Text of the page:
Working apart together – a multidisciplinary approach to Covid-19 risk management for banks
Working apart together
Banks will have to manage the long-term effects of the Covid-19 crisis by working together across disciplines. Cooperation is crucial, now more than ever.
The global Covid-19 pandemic is a battle on multiple fronts for banks. As with all companies, the wellbeing of their employees is their first priority, together with assuring the continuity of daily operations. The switch to a new (remote) way of working and higher risk of absenteeism pose a direct and significant operational risk. Secondly, part of their clients face immediate financial problems, which has led to an overnight increase in expected credit losses. Banks are expected to manage their credit risk in a diligent way and hence protect the assets of their depositors, while at the same time, banks have responsibilities to society at large. As business continuity is critical, banks need to keep the financial system going in the short term. In addition, banks are expected to be lenient to companies and individuals who are under financial distress due to the crisis in order to minimize negative social and economic impact.
At this moment, companies, banks and governments are executing and updating their business continuity plans in order to sustain the crisis, knowing that unforeseen issues are everywhere. But by and large, banks appear to be well-prepared to quickly adapt to the new situation. Also, over the past days various institutions have published useful material on this topic. In this article, we will zoom in on comprehensive 'Covid-19 risk management' for banks. This requires a combined short and long term view on risk management, and a multidisciplinary task force to cover all issues that banks will be faced with.
At the moment of writing, we are still in what appears to be the early stages of the Covid-19 crisis. Therefore, we cannot provide a complete list of issues that banks face. Rather, we want to mention the areas with a high probability of being impacted, and those with large financial, operational or technical consequences.
- Account managers and client service centers, or 'the business' are facing a client base with an immediate need for liquidity support. Proper proactive communication and crisis measures – in bulk or in person – can alleviate clients' worries, improve their decision making, and improve the bank's trustworthiness. The support measures for SMEs recently announced by the large banks in the Netherlands are a good example. However, it will be a balancing act especially if the Covid-19 measures are extended for a longer period; too lenient conditions may undermine the bank's long term stability, and unclear communication can have adverse consequences.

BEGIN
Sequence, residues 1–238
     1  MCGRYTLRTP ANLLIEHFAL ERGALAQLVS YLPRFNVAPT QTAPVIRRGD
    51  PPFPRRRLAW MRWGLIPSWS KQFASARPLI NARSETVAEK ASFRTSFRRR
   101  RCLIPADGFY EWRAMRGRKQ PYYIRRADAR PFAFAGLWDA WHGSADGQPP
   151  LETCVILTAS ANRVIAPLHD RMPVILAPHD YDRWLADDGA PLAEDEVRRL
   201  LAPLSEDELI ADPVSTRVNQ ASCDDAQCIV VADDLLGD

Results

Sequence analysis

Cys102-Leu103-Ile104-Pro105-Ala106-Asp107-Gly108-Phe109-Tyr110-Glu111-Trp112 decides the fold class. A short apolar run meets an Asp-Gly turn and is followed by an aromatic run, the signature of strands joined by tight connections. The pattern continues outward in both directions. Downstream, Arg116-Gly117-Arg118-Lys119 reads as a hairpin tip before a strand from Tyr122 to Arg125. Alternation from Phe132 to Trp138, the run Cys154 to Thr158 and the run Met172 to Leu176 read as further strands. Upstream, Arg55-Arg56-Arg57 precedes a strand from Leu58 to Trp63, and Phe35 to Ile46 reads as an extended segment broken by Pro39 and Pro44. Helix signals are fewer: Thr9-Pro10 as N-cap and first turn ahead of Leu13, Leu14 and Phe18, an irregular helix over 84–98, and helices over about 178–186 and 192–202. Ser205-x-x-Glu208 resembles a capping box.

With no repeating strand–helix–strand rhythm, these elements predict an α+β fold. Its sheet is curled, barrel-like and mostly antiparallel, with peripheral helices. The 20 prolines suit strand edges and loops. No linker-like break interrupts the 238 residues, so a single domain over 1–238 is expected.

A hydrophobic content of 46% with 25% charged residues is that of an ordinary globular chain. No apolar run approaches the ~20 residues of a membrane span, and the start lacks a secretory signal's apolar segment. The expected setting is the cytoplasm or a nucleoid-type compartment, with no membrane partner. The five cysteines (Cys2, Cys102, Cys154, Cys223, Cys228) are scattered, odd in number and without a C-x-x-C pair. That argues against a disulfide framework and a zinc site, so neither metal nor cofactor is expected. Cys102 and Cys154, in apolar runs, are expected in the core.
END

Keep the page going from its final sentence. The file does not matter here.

- Special servicing / restructuring teams are managing non-performing clients, who were already vulnerable before the crisis. On an individual client level, these teams will face tough choices. At the same time, they can expect an influx of new non-performing clients, putting stress on resource capacity. At least for the short term, banks should leverage on their commercial teams to support good clients that are facing immediate liquidity issues due to the Covid-19 measures.
- ALM teams face highly volatile markets and assessing their preparedness for this crisis may be a challenge in itself.
- Economic research teams will have to balance increased divergence in future scenarios with a high need by other departments for a 'straight answer', a clear baseline scenario.
- Risk management teams may need to allocate resources to urgent tasks related to the Covid-19 crisis, while many such teams are also responsible for resource-heavy large transformation programs (TRIM remedial actions, new Definition of Default, Basel 4). At the same time, many assumptions underlying the (credit) risk models may not have been tested under these circumstances, therefore, the performance of risk models should be monitored closely.
Senior management faces severe pressure on profitability which needs to be addressed, while maintaining important transformation programs, trust from clients and the society at large, and employee/contractor/contingent workforce/supplier relations.
- 'Extraordinary times call for extraordinary measures', the saying goes. But in a highly regulated environment such as banking, creative choices may be prohibited or lead to unforeseen long term consequences. Therefore, involvement of compliance and legal teams is of paramount importance.
- Finance is responsible for providing a 'true and fair' view of expected credit losses, to be represented by an increase of IFRS 9 'Stage 2' provisions. It may prove to be difficult to determine what is true and fair at this moment. Amongst others, banks will struggle to determine their IFRS 9 macro-economic scenario which heavily impacts provision levels. On this point, regulators are expected to provide guidance (an 'anchor').
- Control and Internal Audit teams should be the guardians of maintaining a diligent process and recording any nonstandard decisions. They are well-positioned to assist other teams on dilemmas regarding maintaining high standards even in crisis situations.
The solution – breaking through the silos
At this moment no one will have definitive answers to the questions and dilemmas raised above. We know from experience, however, that today's challenge do not respect the boundaries of traditional silos in the bank. Cooperation between departments is a good market practice in all situations. In response to the Covid-19 crisis, forming a multidisciplinary task force may be key to be prepared for the insecure times ahead and to solve pressing short term issues without hampering long term stability of the bank.
Please contact Joost Lensen for any queries.
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